South Shields Local History Group

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Loughton, Douglas (MN)

Douglas Loughton was born on the 23rd June 1919, he was the son of Joseph and Margaret Loughton of 3 Lismore Avenue, South Shields.

Douglas Loughton with his brother Joe (Douglas Loughton)

He became a Third Engineer on the SS Fireside for the Gas, Light and Coke Company of London. 

Fireside (
Fireside painting

He was just 23 years old when on the 12th December 1942 the convoy he was sailing in was attacked by German E-Boats.  His Chilean shipmate Fireman Louis Calderon recalls the events:



Under shell fire and torpedo attack from enemy E-Boats, regardless of the fact regardless of the fact that his ship would not be able to pick him up, Third Engineer Douglas Loughton, of 3 Lismore Avenue, South Shields dived overboard in an attempt to rescue men whom he saw floating past the side of his ship.  He has been reported missing. His heroic act worthy of the traditions of the Merchant Navy was seen by fireman Louis Calderon, of 27 Maple Crescent, North Shields who told the story.  “I had just gone below when we heard of an E-Boat attack” he said “We heard many explosions and our escort put up a terrific barrage against the E-Boat which came out of the darkness, fired their torpedoes and dashed off again.”  The ship was taking evasive action and Calderon, Loughton and the Second Engineer were standing together on the deck.

“One minute there were three of us” said Mr Calderon “and then Loughton was gone, he was wearing a life jacket, and jumped overboard. I suppose to rescue anyone he could.  We threw a lifebelt after him but did not see whether he got it or not.  I saw Loughton come to the surface after he dived in but he was lost from sight as the ship twisted about.  “He would know that the ship would not be able to stop,” continued Mr Calderon “but of course he could have been picked up by the escort.”  “At first we did not know what happened to him, because we were all keeping our eyes open in all directions looking for E-Boats and the torpedo tracks, but to deliberately go overboard while shells were being hurled at us was a very courageous act.”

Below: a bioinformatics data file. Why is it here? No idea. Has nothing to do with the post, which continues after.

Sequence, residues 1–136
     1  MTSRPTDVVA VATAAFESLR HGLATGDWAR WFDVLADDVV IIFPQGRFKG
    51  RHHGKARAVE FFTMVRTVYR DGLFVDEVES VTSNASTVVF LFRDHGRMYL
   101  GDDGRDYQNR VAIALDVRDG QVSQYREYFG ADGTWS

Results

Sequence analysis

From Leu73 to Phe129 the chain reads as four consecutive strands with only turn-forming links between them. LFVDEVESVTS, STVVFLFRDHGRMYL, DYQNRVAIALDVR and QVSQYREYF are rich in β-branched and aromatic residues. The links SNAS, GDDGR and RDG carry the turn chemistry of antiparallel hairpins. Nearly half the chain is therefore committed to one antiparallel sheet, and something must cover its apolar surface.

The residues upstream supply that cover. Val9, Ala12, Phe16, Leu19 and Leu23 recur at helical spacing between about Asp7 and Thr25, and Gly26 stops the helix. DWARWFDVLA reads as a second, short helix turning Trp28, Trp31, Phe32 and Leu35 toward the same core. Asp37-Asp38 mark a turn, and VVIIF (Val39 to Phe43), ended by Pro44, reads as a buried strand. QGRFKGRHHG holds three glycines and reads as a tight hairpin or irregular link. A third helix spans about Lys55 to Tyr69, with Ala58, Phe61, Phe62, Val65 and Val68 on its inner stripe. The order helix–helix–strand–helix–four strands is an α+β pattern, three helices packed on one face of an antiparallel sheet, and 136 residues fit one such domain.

The action continued under a curtain of fire from guns, big and small, until at last the E-Boats withdrew and the convoy could make port.  Mrs Loughton mother of Douglas said “If Douglas thought anybody could be saved he would to try to do it.  He is strong swimmer and I am hoping against hope that he has been saved.  Every time the telephone rings, I think it is news about him, but so far I have heard nothing.”

Readers in the Shields Gazette campaigned for his heroism to be recognised. 

1943 Shields Gazette
London Gazette

On 6th July 1943 he was awarded the Bronze Medal for Gallantry for saving life at sea. 

Award 1943

His name is on plaque 49 on the Tower Hill Memorial, London a Commonwealth War Grave site.

Tower Hill 49
Tower Hill Memorial
(Commonwealth War Graves)
Douglas Loughton medal case (Douglas Loughton)

Douglas’s name lives on, as two of my mates are named after him, his nephew Douglas Loughton and Douglas McLaren whose father was a friend of his.

Douglas Loughton (nephew)
British Newspaper Archives

Douglas Loughton
Terry Ford

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